Kari Tanner and Dr. Jeffrey Turley, Spanish Department
When it comes to learning a foreign language, study abroad contexts have generally been assumed to produce the best results. However, with rising program costs it becomes necessary to evaluate alternate options as well. The three main language learning contexts are classroom, foreign language housing (domestic immersion) and study abroad. While many studies have analyzed language gains in these settings independently of each other, little research has actually compared the gains across these three environments. I chose to conduct this research with learners of Italian, so I started by finding participants in each of the three contexts. The classroom learners consisted of university students currently enrolled in Italian classes of various levels. The domestic immersion group were students currently living in BYU’s foreign language student residence (FLSR), with varying levels of Italian. Lastly, the study abroad group were students with varying levels of Italian participating in BYU’s study abroad program in Siena, Italy. Since the majority of previous studies have analyzed language improvements over several months or even years, I decided to examine a much shorter period: 7 weeks.
I interviewed all the participants at the beginning of the 7-week period and asked them to respond (in Italian) to two free-response questions (‘What do you like to do in your free time?’ and ‘Describe your perfect vacation.’), and read one Italian passage out loud (Il vento e il sole’), while audio-recording their responses. At the end of the 7-week period, I conducted the exact same interview for the post-test. I also found a group of native Italians willing to answer the same questions, and used their recordings as a reference point to compare with the non-native speakers. After obtaining the recordings, I spliced the sound files and uploaded them to the online survey program Qualtrics to be rated by native Italians. The native Italian speakers listened to each sound clip and rated them based on a 7-point Likert Scale (e.g., where 1 = no foreign accent; sounds like a native Italian, to 7 = very heavily accented). In addition to the native speaker ratings, I also used the software program ‘PRAAT’ to conduct an acoustic analysis on the recordings.
After tabulating the results and subtracting each student’s post-test score from their pre-test scores, the findings surprised me. Based on the native Italian speaker judgements, classroom learners improved their accent by .064 on the Likert Scale, but actually received negative scores for the other two categories: -1.05 for fluency and -.146 for comprehensibility. Classroom learners received scores of .236 improvement for accent, .320 for fluency and .195 for comprehensibility. Finally, the study abroad students were scored at .481 improvement for accent, .561 for fluency, and .473 for comprehensibility. One surprising factor was the negative numbers in the data, meaning that the post-test scores for certain students were actually worse than their pre-test scores. This outcome may be attributed to the randomization of my survey. (The native Italian speakers would hear the sound files in a random order, not knowing who the student was or if they were listening to the pre- or post-test recording). If I were to do this project over, I would still randomize the pre- and post-test order, but I would keep each student’s recordings grouped together. The native Italian speakers rated the study abroad students as superior in all three categories, but what was surprising to me was that the classroom learners ranked higher than the FLSR students in all three categories as well.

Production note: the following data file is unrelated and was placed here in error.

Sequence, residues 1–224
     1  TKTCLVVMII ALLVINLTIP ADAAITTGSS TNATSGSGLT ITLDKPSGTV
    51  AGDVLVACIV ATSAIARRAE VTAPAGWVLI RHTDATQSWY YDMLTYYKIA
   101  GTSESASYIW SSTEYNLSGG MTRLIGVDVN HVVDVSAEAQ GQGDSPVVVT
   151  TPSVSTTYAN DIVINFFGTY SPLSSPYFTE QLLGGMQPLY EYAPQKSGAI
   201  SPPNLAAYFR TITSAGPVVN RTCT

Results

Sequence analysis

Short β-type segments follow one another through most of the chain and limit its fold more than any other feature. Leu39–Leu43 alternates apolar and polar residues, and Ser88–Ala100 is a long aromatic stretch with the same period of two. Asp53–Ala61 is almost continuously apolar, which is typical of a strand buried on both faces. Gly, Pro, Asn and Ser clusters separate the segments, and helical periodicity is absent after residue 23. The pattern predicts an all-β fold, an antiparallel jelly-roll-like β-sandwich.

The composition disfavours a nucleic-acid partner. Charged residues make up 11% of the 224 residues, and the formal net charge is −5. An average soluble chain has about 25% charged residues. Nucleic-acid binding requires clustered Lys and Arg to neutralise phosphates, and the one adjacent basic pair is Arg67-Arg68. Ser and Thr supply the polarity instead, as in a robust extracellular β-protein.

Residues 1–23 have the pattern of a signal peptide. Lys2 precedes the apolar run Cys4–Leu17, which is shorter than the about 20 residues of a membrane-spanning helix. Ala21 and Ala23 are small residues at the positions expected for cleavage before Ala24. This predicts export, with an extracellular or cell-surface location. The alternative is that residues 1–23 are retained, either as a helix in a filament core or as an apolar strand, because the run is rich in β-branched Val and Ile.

The acoustic analysis tests I performed reflected the native speaker judgements. In almost every category the study abroad students were superior, followed by the classroom learners, while the FLSR students had the lowest scores. Using the ‘PRAAT’ program, I measured the vowel quality based primarily on the first two formants–F1 which measures the height of the tongue and F2 which measures the placement of the tongue. The voice onset time (VOT) was measured by the length of time that passed between the release of the stop consonants /p/, /t/, and /k/ and the start of vocal cord vibration (seen in the sonogram as darker black lines, as compared to the lighter fuzzy sections when the vocal cords are not vibrating). I also analyzed geminate consonants–the double consonants in Italian which give the language its famous melodious tone. I previously believed that geminate consonants were produced by lengthening the consonant, however, my analysis showed that the more important factor at play was the shortening of the preceding vowel, which I found fascinating!
From this data we can conclude that if an Italian learner’s priority is to improve accent, fluency, and comprehensibility over a 7-week period, a study abroad context will provide the best results. Surprisingly, a domestic immersion setting such as BYU’s FLSR did not produce better results than a regular classroom setting, so if students are unable to study abroad, a classroom learning experience will still yield significant improvements. It would be important to note however, in future studies, the starting Italian level of each student, their knowledge of other languages, motivation, and time actually spent reading, writing, and speaking Italian, for these factors also play a large part in second language acquisition. With that being said, one of the most exciting and encouraging findings from comparing the acoustic data with the Italian judgements was that even small phonetic improvements made big differences in the Italian perceptions–every little bit counts!